The advertising, which began appearing on buses, trains, and in magazines in September 2007, has drawn criticism for two reasons. Some experts, including prominent oral pathologists, have faulted the way the nonprofit ADA is working with the for-profit OralCDx Laboratories. Others have challenged the reliability of the company's BrushTest as a means of detecting precancerous cells.
OralCDx CEO Mark Rutenberg on Tuesday released to DrBicuspid.com the draft of a new disclaimer that he hopes will clarify the relationship between the two organizations. But in an interview, he and company president Howard Kramer maintained that the test is highly accurate. And in an earlier interview, ADA president Mark Feldman, D.D.S., defended the text of the ads as they stand.
The price of promotion
Just about everyone agrees with the goal of raising awareness about oral cancer. An estimated 34,360 Americans are diagnosed with the disease each year, and on average only half of those who are diagnosed survive more than five years, according to the ADA.
How accurate is the BrushTest?
Since at least 1999, leading experts have debated the accuracy of OralCDx's BrushTest, with editorials, rebuttals, and counter-rebuttals filling the pages of leading journals.
Proponents of the test most often cite a 1999 double-blind comparison of the BrushTest to scalpel biopsy, published in a Journal of the American Dental Association study (JADA, September 1999, Vol. 130, pp. 1445-1457). The study was funded by OralCDx Laboratories and involved 35 academic study sites and 945 patients. It concluded that the BrushTest "independently detected every case of histologically confirmed oral dysplasia and carcinoma," with near-perfect results: 100% sensitivity, a false-negative rate of 0%, 100% specificity for a positive result, and 92.9% specificity for an atypical result.
However, one of the participating sites, the Scripps Oral Pathology Service, withdrew from the JADA paper because of "serious weaknesses ... in the study and the statistics of the results," according to Gordon M. Rick, director.
In June 2003, a team from Indiana University took the BrushTest to task for its record on false negatives. Retrospectively reviewing 115 cases of malignant oral cancer, the researchers found that four had previously been found negative when biopsied by the BrushTest. Their results were published in the Journal of Oral Maxillofacial Surgery (June 2003, Vol. 61:6, pp. 674-677).
Then in 2004 came good news and bad news for the BrushTest. A German study on 103 BrushTest results, published in the September 2004 Oral Oncology (Vol. 40:8, pp. 824-828), gave the test a thumbs up, with sensitivity and specificity scores above 90%.
But another study in the same issue (Vol. 40:8, pp. 829-834) on 112 patients, conducted by the University of London's Eastman Dental Institute and Hospital, reported lower numbers. Researchers found the test to have a sensitivity of 71.4% and a specificity of 32%. People with dysplasia tested positive 71.4% of the time and people without dysplasia tested positive 68% of the time.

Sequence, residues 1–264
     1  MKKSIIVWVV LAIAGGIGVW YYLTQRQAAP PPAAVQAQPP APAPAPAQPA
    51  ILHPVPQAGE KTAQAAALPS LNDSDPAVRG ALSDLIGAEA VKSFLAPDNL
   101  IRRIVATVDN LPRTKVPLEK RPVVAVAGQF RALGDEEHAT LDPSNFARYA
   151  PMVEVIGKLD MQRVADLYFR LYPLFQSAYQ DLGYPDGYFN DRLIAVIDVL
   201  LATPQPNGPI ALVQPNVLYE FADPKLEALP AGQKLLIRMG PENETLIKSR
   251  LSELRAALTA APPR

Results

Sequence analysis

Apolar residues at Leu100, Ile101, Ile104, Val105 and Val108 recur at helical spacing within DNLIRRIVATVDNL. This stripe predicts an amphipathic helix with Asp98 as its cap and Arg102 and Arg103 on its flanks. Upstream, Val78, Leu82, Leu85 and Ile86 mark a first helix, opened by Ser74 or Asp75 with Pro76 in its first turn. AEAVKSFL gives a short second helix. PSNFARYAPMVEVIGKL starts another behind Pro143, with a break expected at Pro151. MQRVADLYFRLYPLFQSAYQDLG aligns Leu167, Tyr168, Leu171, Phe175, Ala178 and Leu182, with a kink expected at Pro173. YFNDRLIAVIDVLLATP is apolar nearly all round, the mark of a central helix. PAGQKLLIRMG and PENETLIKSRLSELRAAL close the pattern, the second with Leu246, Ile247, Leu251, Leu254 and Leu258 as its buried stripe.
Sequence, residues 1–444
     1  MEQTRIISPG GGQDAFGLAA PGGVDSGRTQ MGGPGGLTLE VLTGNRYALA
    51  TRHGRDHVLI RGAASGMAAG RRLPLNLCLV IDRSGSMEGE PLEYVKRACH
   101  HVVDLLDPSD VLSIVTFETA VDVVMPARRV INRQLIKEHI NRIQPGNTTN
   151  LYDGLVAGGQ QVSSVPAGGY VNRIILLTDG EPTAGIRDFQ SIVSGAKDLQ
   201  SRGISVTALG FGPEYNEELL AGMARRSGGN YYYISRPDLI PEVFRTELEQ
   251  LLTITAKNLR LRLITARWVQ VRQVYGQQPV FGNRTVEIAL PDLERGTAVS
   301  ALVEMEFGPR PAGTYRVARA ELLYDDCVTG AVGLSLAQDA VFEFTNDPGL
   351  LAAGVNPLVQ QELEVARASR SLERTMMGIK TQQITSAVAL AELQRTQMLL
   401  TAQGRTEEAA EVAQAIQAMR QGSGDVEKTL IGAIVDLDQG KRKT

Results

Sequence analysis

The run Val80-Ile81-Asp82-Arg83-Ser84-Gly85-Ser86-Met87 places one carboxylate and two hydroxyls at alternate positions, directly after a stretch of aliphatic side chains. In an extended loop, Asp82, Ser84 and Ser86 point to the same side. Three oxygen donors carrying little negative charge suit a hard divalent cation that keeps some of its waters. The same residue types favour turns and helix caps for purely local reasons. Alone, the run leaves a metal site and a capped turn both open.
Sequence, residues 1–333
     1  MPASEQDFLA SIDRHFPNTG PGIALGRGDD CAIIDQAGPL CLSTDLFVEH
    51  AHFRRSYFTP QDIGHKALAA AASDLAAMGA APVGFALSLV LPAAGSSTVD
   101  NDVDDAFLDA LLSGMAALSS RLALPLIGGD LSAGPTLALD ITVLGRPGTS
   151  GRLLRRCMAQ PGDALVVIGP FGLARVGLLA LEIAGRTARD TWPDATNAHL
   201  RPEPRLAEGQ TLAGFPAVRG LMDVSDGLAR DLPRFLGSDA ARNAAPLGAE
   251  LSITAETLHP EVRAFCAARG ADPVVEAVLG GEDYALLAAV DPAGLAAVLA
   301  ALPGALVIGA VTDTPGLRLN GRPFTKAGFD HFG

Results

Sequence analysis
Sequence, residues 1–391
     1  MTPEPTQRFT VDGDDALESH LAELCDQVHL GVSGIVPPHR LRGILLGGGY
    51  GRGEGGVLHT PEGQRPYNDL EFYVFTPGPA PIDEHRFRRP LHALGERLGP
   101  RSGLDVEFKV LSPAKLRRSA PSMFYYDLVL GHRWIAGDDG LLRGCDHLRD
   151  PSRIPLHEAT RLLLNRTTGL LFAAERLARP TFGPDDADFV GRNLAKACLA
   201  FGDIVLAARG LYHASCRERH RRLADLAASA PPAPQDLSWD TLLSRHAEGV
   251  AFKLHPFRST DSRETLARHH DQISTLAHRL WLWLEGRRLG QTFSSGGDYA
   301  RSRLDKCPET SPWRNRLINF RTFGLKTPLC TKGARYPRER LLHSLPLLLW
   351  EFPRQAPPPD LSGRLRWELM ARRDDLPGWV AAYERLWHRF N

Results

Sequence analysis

Experts disagree on how to make sense of these conflicting numbers, so the controversy continues.
And even some of the campaign's most prominent critics accept the approach of raising money from a private company. "The oral cancer campaign is important," Mark Lingen, D.D.S., Ph.D., a University of Chicago associate professor of pathology, told DrBicuspid.com. "And you have to pay for it somehow."
OralCDx is paying the entire cost of the $9.5 million, three-year campaign (something the ADA disclosed from the beginning). In fact, as Rutenberg pointed out, OralCDx isn't giving the ADA any money. "We have never given the ADA a dime," he said. "We have committed to spend $9.5 million on advertising. The ADA doesn't get that money. The ad companies get that money."
So what's the beef? In its most controversial version (click here to view the ad), the ad is labeled "IMPORTANT MESSAGE ABOUT ORAL CANCER FROM THE ADA." A headline reads, "Ask your dentist about a routine test as powerful as a Pap smear or colonoscopy." The next sentence reads, "Ask your dentist if a BrushTest can help you by accurately detecting unhealthy cells -- years before they can turn into cancer." The ad also bears the ADA's logo, and the academy's name appears in three other places.
Critics say the ads make it look as though the ADA is endorsing the BrushTest and ignoring competing tests. "I don't think it's appropriate to have a campaign that says, 'Go get this product,'" Dr. Lingen told DrBicuspid.com. "We have not had a campaign that says, 'Brush twice a day with Colgate toothpaste.'"
Dr. Lingen made that point at length in an editorial published in the April 2008 issue of Oral Surgery, Oral Medicine, Oral Pathology, Oral Radiology, and Endodontology (OOOOE, April 2008, Vol. 105, pp. 407-409), where he serves as an editor. He's not satisfied with the fine-print disclaimer currently on the ad, which says that the ADA doesn't endorse a particular product. "One cannot have it both ways," he wrote. "You cannot develop an awareness campaign that focuses on a specific product and at the same time claim that you are not endorsing a product."